A story of two sisters
It came out of the blue. And from a corner of our community that one might not expect. A check for $100,000, written to the Columbus Community Foundation in memory of the late Donna (Holliday) Shupak. The generous donation was directed to help the needy and less fortunate in the Columbus area.
When Marissa Hauge, president of the Columbus Community Foundation, answered the phone in early November she couldn’t quite believe her ears. Linda Holliday Labrie, Donna’s sister, was calling to let Hauge know she wanted to donate $100,000 from Donna’s estate to the Foundation. “I kept saying to myself, did she say $1,000, $10,000 or maybe I misheard her,” Hauge said. “Then we got the check and it was for $100,000. I had heard right.”
The Foundation’s board has worked hard for years to broaden support for its endowment – the “forever fund” that will help Columbus non-profits into perpetuity – and here in one check the account had more than doubled. When the Foundation started in 2008, Hauge said, the board dreamt of legacy gifts such as Donna’s. “After 10 years, one of our dreams was realized,” she said. Obviously, the big-hearted bequeath piqued the curiosity of CCF board members. And Labrie was happy to fill in the details.
Donna (former wife of Stillwater County Commissioner Dennis Shupak) was born in Townsend on Oct. 28, 1944, to Everett and Halgert Holliday. Growing up on a ranch near Checkerboard, she came to love animals and her time in the saddle. It only seemed natural, then, that her love of livestock transitioned into her work running a fencing business with Dennis.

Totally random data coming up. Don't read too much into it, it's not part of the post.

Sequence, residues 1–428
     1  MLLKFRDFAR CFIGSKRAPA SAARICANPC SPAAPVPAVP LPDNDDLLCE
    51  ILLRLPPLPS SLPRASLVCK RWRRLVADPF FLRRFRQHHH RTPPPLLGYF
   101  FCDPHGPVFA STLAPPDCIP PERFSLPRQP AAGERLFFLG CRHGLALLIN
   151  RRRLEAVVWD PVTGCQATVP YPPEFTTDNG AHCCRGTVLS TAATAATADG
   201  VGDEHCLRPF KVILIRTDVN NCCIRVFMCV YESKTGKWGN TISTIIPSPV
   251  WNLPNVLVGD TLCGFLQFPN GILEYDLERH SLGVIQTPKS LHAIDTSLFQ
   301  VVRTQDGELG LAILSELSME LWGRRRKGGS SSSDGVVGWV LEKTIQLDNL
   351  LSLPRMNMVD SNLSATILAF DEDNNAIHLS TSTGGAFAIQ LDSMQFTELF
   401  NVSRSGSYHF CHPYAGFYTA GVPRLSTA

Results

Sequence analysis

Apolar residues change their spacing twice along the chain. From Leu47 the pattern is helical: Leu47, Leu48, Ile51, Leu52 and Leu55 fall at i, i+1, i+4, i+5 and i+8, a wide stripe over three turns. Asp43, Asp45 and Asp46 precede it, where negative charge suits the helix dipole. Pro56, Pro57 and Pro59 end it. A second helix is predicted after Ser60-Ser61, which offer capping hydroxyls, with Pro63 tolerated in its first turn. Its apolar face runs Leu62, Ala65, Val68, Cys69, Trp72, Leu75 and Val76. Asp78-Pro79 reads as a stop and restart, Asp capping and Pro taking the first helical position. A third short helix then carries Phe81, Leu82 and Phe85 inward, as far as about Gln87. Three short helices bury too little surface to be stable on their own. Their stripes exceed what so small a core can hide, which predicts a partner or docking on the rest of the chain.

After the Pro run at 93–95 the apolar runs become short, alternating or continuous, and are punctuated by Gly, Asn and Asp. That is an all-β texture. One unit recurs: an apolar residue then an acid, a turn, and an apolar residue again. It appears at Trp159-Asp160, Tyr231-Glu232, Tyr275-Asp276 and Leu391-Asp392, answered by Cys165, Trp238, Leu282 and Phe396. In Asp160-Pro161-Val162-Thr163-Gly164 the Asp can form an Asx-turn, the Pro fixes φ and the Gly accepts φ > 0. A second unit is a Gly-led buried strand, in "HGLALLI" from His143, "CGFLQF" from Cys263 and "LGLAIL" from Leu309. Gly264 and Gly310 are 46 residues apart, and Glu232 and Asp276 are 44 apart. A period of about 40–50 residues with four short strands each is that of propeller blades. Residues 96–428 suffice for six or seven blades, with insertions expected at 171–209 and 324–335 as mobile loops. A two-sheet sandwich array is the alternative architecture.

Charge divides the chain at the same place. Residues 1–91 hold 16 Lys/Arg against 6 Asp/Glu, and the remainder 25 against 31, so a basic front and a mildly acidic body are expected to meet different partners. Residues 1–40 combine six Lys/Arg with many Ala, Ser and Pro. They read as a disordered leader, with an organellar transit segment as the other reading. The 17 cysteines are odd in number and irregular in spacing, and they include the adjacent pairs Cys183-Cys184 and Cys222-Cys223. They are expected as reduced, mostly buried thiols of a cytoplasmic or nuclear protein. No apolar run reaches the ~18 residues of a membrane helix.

While most of the pole fences they built still stand today, Donna passed away on June 10, 2016, at her home on Longhorn Drive in Columbus. But when she died, she left no will. “I’m the closest living relative,” Labrie said. “I was to close the estate but she left no directions.”
Labrie, too, grew up in the Checkerboard area. And even though she’s spent most of her adult years in California, she keeps in touch with her Montana roots. She still subscribes to the Stillwater County News and thus was familiar with the Columbus Community Foundation as well as Project Hope. Besides those connections, Labrie has personal reasons for directing Donna’s money to help the less fortunate. Oddly, she came to learn that her (late) Uncle Byron Holliday had supported the homeless when he lived in the Columbus area. But an even stronger connection tugged at Labrie’s heartstrings.
“When my daughter was 18 years old and enrolled at MSU (Montana State University) she was diagnosed with bi-polar disorder,” Labrie said. “Her journey involved homelessness.” The personal struggle prompted Labrie to take action. She got involved with her local chapter of the National Alliance on Mental Illness and ended up leading that chapter for years. She knows firsthand how hard life is for those who suffer from mental illness and she knows how hard it is to raise funds for mental health support.
“We’ve always had to fight for what we got,” she said. And in that way, she used Donna’s savings in hopes of making life easier for the less fortunate in Donna’s adopted hometown. “I really want to thank the Columbus Community Foundation for being there to provide grants to people who have basic needs,” Labrie said.
The story ends with good news on two fronts. Labrie’s daughter is doing very well today. “Treatment works,” Labrie noted. And, as for the Foundation, board members are thrilled that Labrie directed Donna’s legacy to help the causes that they support. And they are thankful she was willing to share her story in hopes of inspiring others.
“We work so hard to be great community partners and help grow other organizations’ capacities, we sometimes forget about our needs,” Hauge said. “This gift will allow us to grow our organization and to be able to give more back to well-deserving people and organizations of Columbus.”